Antitrust & Competition Policy Blog

Editor: D. Daniel Sokol
University of Florida
Levin College of Law

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Saturday, September 22, 2012

Deterring EU Competition Law Infringements: Are We Using the Right Sanctions? Brussels December 3, 2012

Posted by D. Daniel Sokol

Sanctions are a critical component of any legal regime and competition law should be no exception. Competition law regimes across the world have typically relied on a diverse set of sanctions to deter companies from engaging in anti-competitive behaviour. The EU competition law regime has so far focused on corporate fines, which have risen significantly over the last 20 years. This evolution seems to be in great part due to the Commission’s desire to increase deterrence. However, in recent years, some voices have questioned whether increasing the level of corporate fines is indeed the most appropriate means for increasing deterrence. A number of other criticisms have also been addressed to the European sanctioning regime, ranging from its allegedly high level of uncertainty, its compatibility with international instruments protecting due process, its blindness to corporate compliance programs, or the absence of individual sanctions targeting the individuals who are actually instrumental in the violation of competition law. Are those criticisms founded? Are there major issues with the EU competition law regime? Does it need reform if it wants to achieve its stated goal of higher deterrence?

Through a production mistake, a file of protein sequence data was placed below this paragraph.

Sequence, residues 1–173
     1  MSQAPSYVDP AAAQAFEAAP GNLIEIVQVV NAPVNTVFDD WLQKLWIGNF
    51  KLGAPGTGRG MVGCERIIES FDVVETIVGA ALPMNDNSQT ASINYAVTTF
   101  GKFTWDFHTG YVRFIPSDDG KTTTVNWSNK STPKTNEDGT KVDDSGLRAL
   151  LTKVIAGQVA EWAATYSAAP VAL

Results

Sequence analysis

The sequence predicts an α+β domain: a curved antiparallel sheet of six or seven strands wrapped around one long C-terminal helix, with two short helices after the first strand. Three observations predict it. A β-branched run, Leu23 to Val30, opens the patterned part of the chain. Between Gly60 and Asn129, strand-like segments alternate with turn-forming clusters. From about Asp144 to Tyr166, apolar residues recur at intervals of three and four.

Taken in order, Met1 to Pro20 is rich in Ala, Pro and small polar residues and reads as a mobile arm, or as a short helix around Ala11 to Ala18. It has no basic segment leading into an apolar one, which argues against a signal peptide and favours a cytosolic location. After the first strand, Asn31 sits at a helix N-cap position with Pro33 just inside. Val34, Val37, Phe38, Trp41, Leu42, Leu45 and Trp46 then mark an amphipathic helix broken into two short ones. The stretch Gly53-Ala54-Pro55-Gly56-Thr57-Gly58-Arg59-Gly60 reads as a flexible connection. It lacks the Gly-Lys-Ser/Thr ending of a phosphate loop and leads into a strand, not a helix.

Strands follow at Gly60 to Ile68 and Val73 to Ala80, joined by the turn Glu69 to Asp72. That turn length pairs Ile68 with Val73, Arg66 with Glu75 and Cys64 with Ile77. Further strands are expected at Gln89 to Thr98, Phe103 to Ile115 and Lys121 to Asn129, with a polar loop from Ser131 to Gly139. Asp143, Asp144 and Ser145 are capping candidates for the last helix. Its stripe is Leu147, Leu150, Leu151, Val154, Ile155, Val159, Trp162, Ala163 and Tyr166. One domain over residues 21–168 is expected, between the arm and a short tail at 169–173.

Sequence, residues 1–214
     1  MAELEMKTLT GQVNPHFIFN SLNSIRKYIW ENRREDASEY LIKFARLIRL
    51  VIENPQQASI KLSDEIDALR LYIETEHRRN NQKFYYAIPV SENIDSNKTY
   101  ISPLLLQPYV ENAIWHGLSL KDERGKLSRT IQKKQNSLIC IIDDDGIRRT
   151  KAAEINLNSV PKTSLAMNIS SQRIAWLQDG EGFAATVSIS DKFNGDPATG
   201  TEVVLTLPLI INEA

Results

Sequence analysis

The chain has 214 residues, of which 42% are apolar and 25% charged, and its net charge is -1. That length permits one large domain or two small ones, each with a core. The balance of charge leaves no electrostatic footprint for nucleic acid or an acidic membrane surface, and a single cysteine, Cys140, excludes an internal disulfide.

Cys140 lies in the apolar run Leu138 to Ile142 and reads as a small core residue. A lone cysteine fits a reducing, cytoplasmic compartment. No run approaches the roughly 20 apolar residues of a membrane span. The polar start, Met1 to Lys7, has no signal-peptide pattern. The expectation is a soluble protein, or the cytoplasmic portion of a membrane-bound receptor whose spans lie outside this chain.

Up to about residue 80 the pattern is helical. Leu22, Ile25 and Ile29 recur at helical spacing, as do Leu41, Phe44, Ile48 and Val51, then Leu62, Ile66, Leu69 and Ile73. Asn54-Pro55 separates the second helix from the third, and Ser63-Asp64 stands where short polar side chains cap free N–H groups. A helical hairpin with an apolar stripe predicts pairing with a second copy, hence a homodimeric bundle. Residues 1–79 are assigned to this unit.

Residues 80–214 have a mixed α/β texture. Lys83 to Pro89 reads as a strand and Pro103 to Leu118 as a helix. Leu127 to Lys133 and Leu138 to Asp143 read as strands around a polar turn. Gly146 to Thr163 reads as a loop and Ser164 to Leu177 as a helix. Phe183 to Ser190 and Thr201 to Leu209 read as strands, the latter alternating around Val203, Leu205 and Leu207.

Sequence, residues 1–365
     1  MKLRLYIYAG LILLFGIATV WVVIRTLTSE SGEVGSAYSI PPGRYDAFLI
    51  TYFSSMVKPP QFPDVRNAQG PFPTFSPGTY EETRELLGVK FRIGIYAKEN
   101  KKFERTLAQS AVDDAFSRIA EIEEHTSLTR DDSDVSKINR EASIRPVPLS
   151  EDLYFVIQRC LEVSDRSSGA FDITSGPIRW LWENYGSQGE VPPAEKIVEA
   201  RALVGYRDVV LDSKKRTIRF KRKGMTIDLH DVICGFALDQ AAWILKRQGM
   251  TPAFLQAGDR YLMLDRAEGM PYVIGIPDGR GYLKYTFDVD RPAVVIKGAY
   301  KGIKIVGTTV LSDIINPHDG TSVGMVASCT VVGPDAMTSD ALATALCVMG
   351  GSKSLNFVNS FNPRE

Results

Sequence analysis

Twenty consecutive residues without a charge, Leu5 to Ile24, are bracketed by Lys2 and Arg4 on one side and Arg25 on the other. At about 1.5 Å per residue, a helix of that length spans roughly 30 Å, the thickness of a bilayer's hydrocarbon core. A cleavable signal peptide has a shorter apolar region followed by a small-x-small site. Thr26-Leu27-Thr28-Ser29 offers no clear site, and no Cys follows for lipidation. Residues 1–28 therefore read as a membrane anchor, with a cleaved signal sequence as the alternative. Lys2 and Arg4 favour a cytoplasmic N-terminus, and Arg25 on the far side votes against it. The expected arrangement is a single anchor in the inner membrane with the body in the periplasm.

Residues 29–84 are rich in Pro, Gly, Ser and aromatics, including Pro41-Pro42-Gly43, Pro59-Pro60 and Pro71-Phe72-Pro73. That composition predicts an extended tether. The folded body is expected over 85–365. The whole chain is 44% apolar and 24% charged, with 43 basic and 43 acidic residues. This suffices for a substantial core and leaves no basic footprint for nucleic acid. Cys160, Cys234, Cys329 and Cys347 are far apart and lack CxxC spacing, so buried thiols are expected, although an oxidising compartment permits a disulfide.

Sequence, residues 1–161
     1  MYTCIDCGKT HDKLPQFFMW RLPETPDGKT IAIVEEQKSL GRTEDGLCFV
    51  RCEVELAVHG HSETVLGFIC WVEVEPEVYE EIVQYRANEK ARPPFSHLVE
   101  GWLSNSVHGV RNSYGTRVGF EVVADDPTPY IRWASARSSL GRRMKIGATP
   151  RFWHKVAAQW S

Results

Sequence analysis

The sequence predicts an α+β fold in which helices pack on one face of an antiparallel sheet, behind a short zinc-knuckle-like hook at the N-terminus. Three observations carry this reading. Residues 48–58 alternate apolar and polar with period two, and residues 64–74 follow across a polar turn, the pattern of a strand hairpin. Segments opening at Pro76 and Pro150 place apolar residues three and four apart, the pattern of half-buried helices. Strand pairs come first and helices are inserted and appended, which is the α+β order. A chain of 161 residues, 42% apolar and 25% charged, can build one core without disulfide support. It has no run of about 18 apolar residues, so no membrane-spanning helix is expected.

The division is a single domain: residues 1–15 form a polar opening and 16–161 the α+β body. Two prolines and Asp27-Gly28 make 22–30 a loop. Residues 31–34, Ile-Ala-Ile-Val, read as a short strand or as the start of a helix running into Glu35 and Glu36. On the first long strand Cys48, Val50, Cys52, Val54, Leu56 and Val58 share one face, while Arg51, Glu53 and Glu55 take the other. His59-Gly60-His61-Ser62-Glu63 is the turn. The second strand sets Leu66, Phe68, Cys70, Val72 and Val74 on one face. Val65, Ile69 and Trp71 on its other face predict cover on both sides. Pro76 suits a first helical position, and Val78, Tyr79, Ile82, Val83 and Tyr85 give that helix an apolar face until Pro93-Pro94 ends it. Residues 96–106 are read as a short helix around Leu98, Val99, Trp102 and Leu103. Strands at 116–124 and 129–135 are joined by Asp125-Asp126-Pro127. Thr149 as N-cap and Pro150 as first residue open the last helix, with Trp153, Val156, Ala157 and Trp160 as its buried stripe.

To take stock of what is known about this question, the Tilburg Law and Economics Center (TILEC) at Tilburg University and the Liège Competition and Innovation Institute (LCII) at the University of Liège organize a whole-day conference in Brussels on 3 December 2012.* Speakers include prominent academics, enforcers, and practitioners. The conference aims at bringing detailed analysis and up-to-date knowledge to at a large audience of practitioners, academics, public officials, and competition policy observers.

 Organizers welcome support from Schindler Holding AG and the Association of Corporate Counsels.

 

Scientific committee

 

Cédric Argenton (TILEC)

Damien Geradin (TILEC)

Nicolas Petit (LCII)

 

 

PROGRAMME

 

 

8:00 - 9:00 Registration and coffee

 

9:00 - 9:15 Sanctioning Competition Law Infringements: An Overview of the EU Approach

Speaker: Damien Geradin, Partner, Covington & Burling; Professor of
Competition Law and Economics, Tilburg University

 

9:15 - 9:45 Importance and Challenges of Antitrust Compliance for Large
Corporations

Speaker: Christoph Klahold, Chief Compliance Officer, Head of Corporate
Center Compliance, ThyssenKrupp AG

9:45 - 10:15 Optimal Deterrence of Competition Law Infringements

Speaker: Joseph E. Harrington, Professor of Economics, Wharton School,
University of Pennsylvania

 

10:15 - 10:30 Coffee break

 

First Panel: Designing Appropriate Sanctions and Incentive Mechanisms

 Moderator: Jacques Steenbergen, Director General, Belgian